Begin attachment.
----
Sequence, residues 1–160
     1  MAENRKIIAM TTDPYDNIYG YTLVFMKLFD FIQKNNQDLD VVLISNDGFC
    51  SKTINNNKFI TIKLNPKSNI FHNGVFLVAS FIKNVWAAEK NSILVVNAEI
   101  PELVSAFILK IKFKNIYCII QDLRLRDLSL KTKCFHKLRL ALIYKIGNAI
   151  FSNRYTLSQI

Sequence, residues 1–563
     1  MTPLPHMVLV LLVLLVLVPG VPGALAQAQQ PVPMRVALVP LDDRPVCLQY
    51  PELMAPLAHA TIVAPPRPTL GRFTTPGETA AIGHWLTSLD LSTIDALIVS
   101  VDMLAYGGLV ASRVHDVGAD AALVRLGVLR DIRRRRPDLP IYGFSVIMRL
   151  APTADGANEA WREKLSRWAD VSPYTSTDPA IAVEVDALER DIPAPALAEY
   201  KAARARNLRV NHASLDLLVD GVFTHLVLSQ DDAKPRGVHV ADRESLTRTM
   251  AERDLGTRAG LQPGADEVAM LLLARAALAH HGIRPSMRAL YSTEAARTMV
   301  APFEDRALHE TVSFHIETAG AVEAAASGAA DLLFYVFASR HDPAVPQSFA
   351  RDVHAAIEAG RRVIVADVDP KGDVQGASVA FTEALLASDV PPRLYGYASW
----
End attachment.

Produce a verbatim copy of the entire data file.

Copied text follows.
Sequence, residues 1–160
     1  MAENRKIIAM TTDPYDNIYG YTLVFMKLFD FIQKNNQDLD VVLISNDGFC
    51  SKTINNNKFI TIKLNPKSNI FHNGVFLVAS FIKNVWAAEK NSILVVNAEI
   101  PELVSAFILK IKFKNIYCII QDLRLRDLSL KTKCFHKLRL ALIYKIGNAI
   151  FSNRYTLSQI

Sequence, residues 1–563
     1  MTPLPHMVLV LLVLLVLVPG VPGALAQAQQ PVPMRVALVP LDDRPVCLQY
    51  PELMAPLAHA TIVAPPRPTL GRFTTPGETA AIGHWLTSLD LSTIDALIVS
   101  VDMLAYGGLV ASRVHDVGAD AALVRLGVLR DIRRRRPDLP IYGFSVIMRL
   151  APTADGANEA WREKLSRWAD VSPYTSTDPA IAVEVDALER DIPAPALAEY
   201  KAARARNLRV NHASLDLLVD GVFTHLVLSQ DDAKPRGVHV ADRESLTRTM
   251  AERDLGTRAG LQPGADEVAM LLLARAALAH HGIRPSMRAL YSTEAARTMV
   301  APFEDRALHE TVSFHIETAG AVEAAASGAA DLLFYVFASR HDPAVPQSFA
   351  RDVHAAIEAG RRVIVADVDP KGDVQGASVA FTEALLASDV PPRLYGYASW